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Charles W. Morris
This eBook from the Gutenberg Project consists of approximately 368 pages of information about The San Francisco calamity by earthquake and fire.

This fabled being, according to Emerson, in a paper on “The Lesser Hawaiian Gods,” “could at times assume the appearance of a handsome young woman, as when Kamapauaa, to his cost, was smitten with her charms when first he saw her with her sisters at Kilauea.”  Kamapauaa was a gigantic hog, who “could appear as a handsome young man, a hog, a fish or a tree.”  “At other times the innate character of the fury showed itself, and Pele appeared in her usual form as an ugly and hateful old hag, with tattered and fire-burnt garments, scarcely concealing the filth and nakedness of her person.  Her bloodshot eyes and fiendish countenance paralyzed the beholder, and her touch turned him to stone.  She was a jealous and vindictive monster, delighting in cruelty, and at the slightest provocation overwhelming the unoffending victims of her rage in widespread ruin.”

The superstition regarding the Goddess Pele was thought to have received a death blow in 1825, when Kapiolani, an Hawaiian princess and a Christian convert, ascended, with numerous attendants, to the crater of Kilauea, where she publicly defied the power and wrath of the goddess.  No response came to her defiance, she descended in safety, and faith in Pele’s power was widely shaken.

Yet as late as 1887 the old superstition revived and claimed an exalted victim, for in that year the Princess Like Like, the youngest sister of the king, starved herself to death to appease the anger of the Goddess Pele, supposed to be manifested in Mauna Loa’s eruption of that year, and to be quieted only by the sacrifice of a victim of royal blood.  Thus slowly do the old superstitions die away.

CHAPTER XXVI.

Popocatapetl and Other Volcanoes of Mexico and Central America.

Mexico is very largely a vast table-land, rising through much of its extent to an elevation of from 7,000 to 8,000 feet above sea-level, and bounded east and west by wide strips of torrid lowlands adjoining the oceans.  It is crossed at about 19 degrees north latitude by a range of volcanic mountains, running in almost a straight line east and west, upon which are several extinct volcanic cones, and five active or quiescent volcanoes.  The highest of these is Popocatapetl, south of the city of Mexico and nearly midway between the Atlantic and Pacific.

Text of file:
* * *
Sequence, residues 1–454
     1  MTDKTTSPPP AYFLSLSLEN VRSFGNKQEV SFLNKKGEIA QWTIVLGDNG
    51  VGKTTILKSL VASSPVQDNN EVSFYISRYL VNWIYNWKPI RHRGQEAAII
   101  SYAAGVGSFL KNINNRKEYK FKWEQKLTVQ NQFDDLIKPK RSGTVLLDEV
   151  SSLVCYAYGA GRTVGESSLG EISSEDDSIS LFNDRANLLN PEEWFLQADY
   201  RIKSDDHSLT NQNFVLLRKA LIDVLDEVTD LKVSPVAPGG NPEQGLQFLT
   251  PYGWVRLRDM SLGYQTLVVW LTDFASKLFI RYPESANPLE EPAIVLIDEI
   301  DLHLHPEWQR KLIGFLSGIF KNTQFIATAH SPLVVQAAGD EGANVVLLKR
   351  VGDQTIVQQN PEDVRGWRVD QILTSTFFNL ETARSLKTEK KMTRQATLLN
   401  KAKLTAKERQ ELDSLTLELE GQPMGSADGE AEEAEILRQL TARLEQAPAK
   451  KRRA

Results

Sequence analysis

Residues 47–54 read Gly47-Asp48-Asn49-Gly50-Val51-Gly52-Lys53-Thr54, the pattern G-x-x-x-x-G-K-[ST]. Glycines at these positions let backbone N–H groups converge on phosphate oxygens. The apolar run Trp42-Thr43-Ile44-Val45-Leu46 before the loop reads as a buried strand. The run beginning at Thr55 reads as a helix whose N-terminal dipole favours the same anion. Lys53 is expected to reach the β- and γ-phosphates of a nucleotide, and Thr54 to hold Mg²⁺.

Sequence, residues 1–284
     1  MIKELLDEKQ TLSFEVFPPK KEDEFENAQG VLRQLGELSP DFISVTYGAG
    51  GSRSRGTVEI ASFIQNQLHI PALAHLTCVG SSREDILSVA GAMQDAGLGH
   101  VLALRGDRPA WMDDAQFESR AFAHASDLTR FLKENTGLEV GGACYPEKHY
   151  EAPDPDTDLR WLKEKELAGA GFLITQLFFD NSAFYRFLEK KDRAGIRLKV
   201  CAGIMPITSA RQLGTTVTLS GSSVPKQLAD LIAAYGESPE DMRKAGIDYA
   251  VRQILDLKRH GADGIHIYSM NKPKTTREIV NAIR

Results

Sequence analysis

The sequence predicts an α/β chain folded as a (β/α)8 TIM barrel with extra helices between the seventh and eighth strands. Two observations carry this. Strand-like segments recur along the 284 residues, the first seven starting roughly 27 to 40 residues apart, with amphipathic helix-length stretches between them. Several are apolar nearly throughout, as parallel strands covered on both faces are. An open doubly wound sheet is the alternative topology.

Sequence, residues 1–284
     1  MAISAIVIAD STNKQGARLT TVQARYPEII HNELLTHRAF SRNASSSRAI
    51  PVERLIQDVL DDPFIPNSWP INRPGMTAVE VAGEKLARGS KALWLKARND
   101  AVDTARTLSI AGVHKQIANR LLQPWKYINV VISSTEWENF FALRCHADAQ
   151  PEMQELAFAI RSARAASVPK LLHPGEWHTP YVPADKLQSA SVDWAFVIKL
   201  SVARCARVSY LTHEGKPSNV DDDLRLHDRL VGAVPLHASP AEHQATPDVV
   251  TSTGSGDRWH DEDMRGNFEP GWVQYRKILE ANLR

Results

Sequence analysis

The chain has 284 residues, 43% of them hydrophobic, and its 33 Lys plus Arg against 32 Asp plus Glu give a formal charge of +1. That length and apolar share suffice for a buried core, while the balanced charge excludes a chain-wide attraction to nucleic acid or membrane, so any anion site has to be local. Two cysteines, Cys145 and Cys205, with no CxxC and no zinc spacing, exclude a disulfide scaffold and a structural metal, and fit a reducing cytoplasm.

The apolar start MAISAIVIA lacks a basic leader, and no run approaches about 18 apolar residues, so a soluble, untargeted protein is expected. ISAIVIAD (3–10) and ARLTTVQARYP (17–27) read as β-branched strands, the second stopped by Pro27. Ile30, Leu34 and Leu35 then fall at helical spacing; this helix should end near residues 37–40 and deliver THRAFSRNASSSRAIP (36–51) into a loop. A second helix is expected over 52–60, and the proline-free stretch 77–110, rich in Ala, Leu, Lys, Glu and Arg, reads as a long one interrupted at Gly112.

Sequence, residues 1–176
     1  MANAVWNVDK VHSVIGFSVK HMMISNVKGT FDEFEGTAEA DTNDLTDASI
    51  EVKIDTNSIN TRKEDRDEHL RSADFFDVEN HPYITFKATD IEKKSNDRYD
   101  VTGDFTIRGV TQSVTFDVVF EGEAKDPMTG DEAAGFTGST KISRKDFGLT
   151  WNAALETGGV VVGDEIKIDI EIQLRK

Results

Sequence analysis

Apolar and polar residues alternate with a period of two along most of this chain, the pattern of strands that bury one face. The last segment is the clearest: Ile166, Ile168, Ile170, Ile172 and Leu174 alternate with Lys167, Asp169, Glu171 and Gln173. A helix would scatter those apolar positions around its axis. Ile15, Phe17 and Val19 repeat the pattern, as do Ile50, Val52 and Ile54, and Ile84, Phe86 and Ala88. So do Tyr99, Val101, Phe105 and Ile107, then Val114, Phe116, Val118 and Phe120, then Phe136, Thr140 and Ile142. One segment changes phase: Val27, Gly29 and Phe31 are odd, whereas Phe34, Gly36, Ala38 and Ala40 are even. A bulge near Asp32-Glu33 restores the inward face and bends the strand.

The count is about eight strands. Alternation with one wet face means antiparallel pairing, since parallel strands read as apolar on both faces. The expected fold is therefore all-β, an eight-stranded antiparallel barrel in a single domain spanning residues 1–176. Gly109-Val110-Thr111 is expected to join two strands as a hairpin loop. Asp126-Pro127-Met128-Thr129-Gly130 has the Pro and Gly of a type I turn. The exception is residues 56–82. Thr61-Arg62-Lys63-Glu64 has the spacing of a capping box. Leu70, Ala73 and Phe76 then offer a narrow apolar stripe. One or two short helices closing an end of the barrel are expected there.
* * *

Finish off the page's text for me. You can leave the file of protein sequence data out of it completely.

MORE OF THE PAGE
East of this mountain lies Orizabo, little below it in height, and San Martin or Tuxtla, 9,700 feet high, on the coast south of Vera Cruz.  West of it is Jorullo, 4,000 feet, and Colima, 12,800, near the Pacific coast.  The volcanic energy continues southward toward the Isthmus, but decreases north of this volcanic range.  These mountains have shown little signs of activity in recent times.  Popocatapetl emits smoke, but there is no record of an eruption since 1540.  Orizabo has been quiet since 1566.  Tuxtla had a violent eruption in 1793, but since then has remained quiescent.  Colima is the only one now active.  For ten years past it has been emitting ashes and smoke.  The most remarkable of these volcanoes is Jorullo, which closely resembled Monte Nuovo, described in Chapter XIII., in its mode of origin.

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